WALK in The Gardens with Vanessa Voskuil: More ADF Footprints

The American Dance Festival 2016’s Footprints program was bifurcated this time, with the second part occurring in Duke Gardens July 28-30. Part Two, featuring a work by Vanessa Voskuil, takes place in and around the heron fountain circle, and should you be quailing at the idea of standing around outside in the heat, know that the circle is well shaded by the 7 p.m. start time. FREE.

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A horizontal moment in Vanessa Voskuil’s WALK. ADF in Duke Gardens, 7/28/16. Photo: Grant Halverson.

 

This outdoor venue provides a much better setting for Vanessa Voskuil’s choreography than Reynolds Theater did three years ago. It allows her to work with the indefinite and the random, and to create with shape and movement on a large scale, without the contrivance and constriction required by a theater. Walk is without a clear moment of beginning, and the end is equally indefinite. The dancers move among the people who’ve come to see them, and the many others who find themselves in the midst of something as they transit the circle on their own trajectories. It’s a sweetly worded statement of this dancer’s understanding of the relationship of dancing and living–that we are all part of the performance.

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This exquisitely balanced figure eventually brought her crown to the fountain–a timeless image within the larger timeless image. WALK, ADF, 7/28/16. Photo: Grant Halverson.

 

Voskuil described the dance as a series of solos–but they are simultaneous solos by the 16 dancers (I think there were 16, but not ever seeing them all at once, it was hard to keep count). Many things of a ritualistic nature are walked and danced in a very slow tightening circle around the grand fountain. There’s little in the way of music, but the dancers all move at the same slow pace, smooth, almost tranced, and very liquid in their actions. There are echoes of some great modern choreographers, from Isadora Duncan on, and several of the young Terpsichores wear sneakers.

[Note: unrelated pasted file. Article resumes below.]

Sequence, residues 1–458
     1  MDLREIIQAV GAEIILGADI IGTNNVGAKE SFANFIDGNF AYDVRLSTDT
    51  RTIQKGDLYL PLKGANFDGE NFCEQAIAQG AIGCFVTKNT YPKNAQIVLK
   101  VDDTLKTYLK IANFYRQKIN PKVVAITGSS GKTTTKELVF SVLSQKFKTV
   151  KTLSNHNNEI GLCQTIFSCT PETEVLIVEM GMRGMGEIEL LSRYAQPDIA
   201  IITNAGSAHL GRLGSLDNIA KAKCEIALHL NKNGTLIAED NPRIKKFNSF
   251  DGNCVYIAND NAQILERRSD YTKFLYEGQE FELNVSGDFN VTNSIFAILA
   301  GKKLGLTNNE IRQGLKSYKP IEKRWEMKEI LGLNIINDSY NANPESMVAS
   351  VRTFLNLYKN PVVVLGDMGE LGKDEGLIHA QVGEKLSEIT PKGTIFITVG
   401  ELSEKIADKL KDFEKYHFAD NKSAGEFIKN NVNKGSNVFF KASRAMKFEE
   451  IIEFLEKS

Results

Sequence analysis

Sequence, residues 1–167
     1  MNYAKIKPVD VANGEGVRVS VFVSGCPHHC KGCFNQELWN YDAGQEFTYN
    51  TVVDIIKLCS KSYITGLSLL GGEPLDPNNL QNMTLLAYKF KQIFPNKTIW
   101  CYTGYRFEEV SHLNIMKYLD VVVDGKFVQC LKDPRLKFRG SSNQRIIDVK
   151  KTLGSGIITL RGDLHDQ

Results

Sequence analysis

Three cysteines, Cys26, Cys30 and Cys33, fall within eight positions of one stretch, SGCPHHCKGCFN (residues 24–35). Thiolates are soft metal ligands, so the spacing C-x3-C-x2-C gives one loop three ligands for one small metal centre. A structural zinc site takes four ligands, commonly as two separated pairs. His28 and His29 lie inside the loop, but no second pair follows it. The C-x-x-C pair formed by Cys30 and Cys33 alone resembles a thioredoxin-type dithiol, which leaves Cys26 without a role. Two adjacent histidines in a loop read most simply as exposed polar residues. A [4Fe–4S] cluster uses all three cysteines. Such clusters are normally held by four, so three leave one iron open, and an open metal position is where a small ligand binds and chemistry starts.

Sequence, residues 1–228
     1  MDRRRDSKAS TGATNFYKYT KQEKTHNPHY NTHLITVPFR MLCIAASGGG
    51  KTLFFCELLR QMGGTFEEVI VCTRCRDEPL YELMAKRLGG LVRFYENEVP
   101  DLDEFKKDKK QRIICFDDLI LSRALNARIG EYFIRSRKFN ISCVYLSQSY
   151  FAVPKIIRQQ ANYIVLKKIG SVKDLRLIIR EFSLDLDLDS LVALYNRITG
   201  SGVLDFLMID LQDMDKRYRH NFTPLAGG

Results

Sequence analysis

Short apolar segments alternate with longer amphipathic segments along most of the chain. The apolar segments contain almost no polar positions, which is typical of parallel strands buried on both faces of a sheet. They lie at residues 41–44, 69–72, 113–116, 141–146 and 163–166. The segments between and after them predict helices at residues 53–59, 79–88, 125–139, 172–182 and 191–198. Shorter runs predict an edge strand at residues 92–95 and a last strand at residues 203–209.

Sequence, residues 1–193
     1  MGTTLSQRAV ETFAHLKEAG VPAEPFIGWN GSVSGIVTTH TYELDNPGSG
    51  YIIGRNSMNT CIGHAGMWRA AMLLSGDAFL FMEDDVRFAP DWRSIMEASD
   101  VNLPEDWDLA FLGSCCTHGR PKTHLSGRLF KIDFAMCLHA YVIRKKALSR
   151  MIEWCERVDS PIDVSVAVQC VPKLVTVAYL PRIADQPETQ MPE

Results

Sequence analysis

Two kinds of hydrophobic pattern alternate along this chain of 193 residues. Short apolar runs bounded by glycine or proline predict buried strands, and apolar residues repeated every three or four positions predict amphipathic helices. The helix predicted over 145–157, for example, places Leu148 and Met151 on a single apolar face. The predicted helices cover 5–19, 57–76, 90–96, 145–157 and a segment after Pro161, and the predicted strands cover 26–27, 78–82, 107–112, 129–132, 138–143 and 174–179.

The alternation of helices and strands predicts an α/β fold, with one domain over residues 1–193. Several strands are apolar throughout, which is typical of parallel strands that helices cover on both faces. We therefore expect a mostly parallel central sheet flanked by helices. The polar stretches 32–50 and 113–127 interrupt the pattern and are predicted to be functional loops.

The basic image, of dancers in circling in nature, predates history, I feel certain. It’s an archetype; it cannot be reduced to a cliche. As an archetype, the great circle dance provides endless nourishment to art, and Walk is a smart response to its impetus. Voskuil recreates something primal– as art; and creates it not in nature, but in the artificial nature of a garden.

Perhaps because I know that Voskuil is from Minneapolis, MN, and because I lived there for a year when I was 12 and was much affected by the glacial landscape with its thousands of ponds and lakes, watching this dance threw up memories of people circling those small bodies of water–walking, cycling, skating, sailing, twisting in and out, each person on his or her own mission, projecting a line of motion that wove neatly through all the other lines. One thinks, too, while watching Walk, of Seurat’s La Grade Jatte, with its ritual promenading by the water, its parasols and late shadows, its rhythms receding into the distance. As a dance, Walk cannot indulge long in motionless monumentality, but its slow weaving and turning around the water’s edge invoke timelessness nonetheless.

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WALK by the water. Vanessa Voskuil’s piece in Duke Gardens comprises the second part of the ADF 2016 Footprints program. 7/28/16. Photo: Grant Halverson.

Snazzy Socks Kick Off FOOTPRINTS, in ADF’s Final Week

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The student ensemble in Dafi Albtabeb’s IT’S NOW. IT’S NEVER, in the ADF Footprints program, 7/25/16. Photo: Grant Halverson.